Fiona asked if I could recommend a good book and I thrust Dashiell Hammett’s Red Harvest at her. She plodded through it, not quite convinced — “I’m mainly enjoying his descriptions of different shapes of mens’ heads,” — but then expressed greater interest in The Thin Man, which she consumed with the same alacrity Nick and Nora devote to booze. So then she wanted to watch the film. Weirdly, I always seem to be watching the second film in MGM’s series, AFTER THE THIN MAN, the one with Jimmy Stewart in, and never any of the others. I’m not sure I’d seen any of them all the way through. So now we’re doing the whole set.

Note: easy to forget that the first two films are set and Christmas and New Year respectively, and follow straight on, one from one the other. Recommended light seasonal viewing if you want to avoid sentiment and saccharine.

MGM had a habit of starting movies too early in the plot, it seems to me, but there are, I suppose, solid reasons for doing so with Hammett’s book. A good deal of set-up is needed, backloaded in the novel by having characters talking about what happened before Nick the Greek came on the scene. The movie introduces us to this business firsthand, which is good for audience comprehension but very bad for interest — waiting for Nick and Nora is like waiting for Groucho, and the movie only starts once they appear.

The pleasures of William Powell and Myrna Loy’s interplay are well-attested. Powell in particular seizes any chance for a bit of interaction, and works his eyebrows like a slavemaster in his dealings with the supporting cast. Rather than Hammett’s somewhat hardboiled fellow who can drain oceans of liquor without visible effect, Powell relishes the chance to play drunk scenes. Loy isn’t that kind of show-off, so she comes across as the more efficient alcoholic, although Nora does get a hangover, something Nick somehow avoids.

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Cedric Gibbons and his team conjure gorgeous art deco interiors, not the world I picture in reading Hammett but very much a movie world I love to hang out in. (I’m an invisible spectre when I hang out in these movies, so the fact that I’m not in my tuxedo isn’t a problem.) Better yet, the first film is shot by the great James Wong Howe — it has wonderful compositions of people and rooms, and a certain added distance imparts a trace of bleakness. The lighting is source lighting in a noir vein, but since the rooms tend to be creamy white, the shadows get bleached out and the whole thing resembles a faintly sinister Heaven.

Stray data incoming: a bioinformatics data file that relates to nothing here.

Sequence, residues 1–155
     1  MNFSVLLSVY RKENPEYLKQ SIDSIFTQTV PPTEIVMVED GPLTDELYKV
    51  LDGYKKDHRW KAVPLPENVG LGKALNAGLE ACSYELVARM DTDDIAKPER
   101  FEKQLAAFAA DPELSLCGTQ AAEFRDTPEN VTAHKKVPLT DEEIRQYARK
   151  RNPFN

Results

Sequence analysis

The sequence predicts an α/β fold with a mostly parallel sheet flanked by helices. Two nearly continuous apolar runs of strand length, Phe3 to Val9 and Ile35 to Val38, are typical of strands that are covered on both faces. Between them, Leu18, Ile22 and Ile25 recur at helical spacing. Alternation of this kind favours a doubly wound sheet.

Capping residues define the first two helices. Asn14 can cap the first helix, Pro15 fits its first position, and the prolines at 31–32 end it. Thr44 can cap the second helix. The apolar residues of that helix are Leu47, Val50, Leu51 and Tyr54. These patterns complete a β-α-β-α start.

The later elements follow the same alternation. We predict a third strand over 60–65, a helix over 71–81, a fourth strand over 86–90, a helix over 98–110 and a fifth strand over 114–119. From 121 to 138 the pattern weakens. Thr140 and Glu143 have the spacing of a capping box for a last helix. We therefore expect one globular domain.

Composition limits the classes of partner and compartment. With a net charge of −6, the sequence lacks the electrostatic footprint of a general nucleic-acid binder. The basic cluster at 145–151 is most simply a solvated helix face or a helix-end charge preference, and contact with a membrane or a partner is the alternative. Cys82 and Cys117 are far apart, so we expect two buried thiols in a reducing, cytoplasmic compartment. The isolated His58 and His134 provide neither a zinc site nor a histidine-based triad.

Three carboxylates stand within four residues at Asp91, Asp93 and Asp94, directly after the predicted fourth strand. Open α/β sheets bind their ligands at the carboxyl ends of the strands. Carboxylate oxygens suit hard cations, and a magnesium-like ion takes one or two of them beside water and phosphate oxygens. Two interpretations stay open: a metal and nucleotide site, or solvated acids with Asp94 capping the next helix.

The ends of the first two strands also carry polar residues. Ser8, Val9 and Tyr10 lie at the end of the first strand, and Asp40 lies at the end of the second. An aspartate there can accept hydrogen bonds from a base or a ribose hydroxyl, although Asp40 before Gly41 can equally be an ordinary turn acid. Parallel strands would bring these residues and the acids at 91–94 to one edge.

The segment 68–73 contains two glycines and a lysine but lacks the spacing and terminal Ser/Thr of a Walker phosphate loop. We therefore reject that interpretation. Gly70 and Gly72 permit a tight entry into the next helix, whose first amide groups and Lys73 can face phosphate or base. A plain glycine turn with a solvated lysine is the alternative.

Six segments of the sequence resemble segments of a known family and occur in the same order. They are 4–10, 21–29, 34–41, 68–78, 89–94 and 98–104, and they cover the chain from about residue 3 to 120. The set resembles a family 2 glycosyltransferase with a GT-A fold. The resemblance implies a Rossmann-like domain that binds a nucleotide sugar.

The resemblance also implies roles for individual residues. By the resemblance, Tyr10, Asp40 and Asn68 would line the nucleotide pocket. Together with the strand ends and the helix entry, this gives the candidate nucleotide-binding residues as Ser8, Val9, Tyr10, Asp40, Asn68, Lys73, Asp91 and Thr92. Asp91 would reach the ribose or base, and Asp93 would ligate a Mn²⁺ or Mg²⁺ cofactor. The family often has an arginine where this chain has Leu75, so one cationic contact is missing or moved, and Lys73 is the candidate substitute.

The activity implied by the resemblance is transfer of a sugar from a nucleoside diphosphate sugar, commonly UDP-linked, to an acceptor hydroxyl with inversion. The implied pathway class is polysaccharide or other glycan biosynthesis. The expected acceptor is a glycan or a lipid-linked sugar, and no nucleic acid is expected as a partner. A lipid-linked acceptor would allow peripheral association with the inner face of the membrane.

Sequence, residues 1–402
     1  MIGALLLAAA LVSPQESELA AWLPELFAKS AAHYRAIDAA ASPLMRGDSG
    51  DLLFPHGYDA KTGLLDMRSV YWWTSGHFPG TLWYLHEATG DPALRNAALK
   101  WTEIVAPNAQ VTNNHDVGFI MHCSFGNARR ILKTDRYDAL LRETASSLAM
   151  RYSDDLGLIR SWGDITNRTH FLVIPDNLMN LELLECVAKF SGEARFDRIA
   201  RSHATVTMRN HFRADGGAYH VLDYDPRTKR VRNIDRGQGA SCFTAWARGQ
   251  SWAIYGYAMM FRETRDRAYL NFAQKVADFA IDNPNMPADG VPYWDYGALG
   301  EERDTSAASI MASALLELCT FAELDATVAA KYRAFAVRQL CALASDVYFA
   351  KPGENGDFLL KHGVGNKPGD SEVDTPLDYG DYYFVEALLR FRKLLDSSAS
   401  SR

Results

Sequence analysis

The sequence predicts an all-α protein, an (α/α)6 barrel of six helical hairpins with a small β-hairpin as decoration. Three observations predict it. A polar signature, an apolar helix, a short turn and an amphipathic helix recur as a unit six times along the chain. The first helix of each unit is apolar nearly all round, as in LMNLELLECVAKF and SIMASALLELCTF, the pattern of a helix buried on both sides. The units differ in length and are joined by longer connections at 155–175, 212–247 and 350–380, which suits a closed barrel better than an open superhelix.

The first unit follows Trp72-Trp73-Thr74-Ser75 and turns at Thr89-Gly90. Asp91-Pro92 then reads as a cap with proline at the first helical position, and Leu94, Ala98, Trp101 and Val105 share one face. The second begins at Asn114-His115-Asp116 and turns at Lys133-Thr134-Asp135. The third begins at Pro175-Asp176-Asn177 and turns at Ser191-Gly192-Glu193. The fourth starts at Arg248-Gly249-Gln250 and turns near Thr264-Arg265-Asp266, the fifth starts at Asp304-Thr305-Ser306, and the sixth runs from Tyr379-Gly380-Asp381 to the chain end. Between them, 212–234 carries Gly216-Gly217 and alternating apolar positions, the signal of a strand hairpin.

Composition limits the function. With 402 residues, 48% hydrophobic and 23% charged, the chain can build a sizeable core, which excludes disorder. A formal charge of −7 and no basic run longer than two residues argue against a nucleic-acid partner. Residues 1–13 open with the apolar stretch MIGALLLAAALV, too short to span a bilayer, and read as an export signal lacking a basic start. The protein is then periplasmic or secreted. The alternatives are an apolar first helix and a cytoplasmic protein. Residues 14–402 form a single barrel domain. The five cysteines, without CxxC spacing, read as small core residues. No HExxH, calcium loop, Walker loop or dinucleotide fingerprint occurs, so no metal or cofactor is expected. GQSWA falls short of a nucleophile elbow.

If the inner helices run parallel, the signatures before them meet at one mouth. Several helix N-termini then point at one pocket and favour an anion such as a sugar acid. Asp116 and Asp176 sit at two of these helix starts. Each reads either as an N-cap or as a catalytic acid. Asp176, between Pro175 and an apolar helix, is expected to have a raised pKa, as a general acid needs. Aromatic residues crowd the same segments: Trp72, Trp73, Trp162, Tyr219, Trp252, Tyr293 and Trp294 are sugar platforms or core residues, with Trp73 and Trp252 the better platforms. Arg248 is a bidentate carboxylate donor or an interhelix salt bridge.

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Porter Hall’s glassy stare here clinches the odd mood.

As late as the second sequel, screenwriters Frances Goodrich and Albert Hackett are still recycling the odd bit of leftover dialogue from Hammett’s original book, but the visual interest largely departs with Howe, although Dolly Tree keeps her end up with the splendid gowns. Van Dyke gets pretty sloppy, teleporting his cast about via the miracle of bad continuity, and the whole series is an odd mixture of “A” picture production values (with casts bristling with familiar faces) and “B” level ambitions, which I guess set in with any movie series. But throughout, the stars create perhaps the most enviable marriage in screen history.

I just wish the movies all looked like this —

vlcsnap-2013-02-10-17h43m23s12— perfect little pale boxes of people!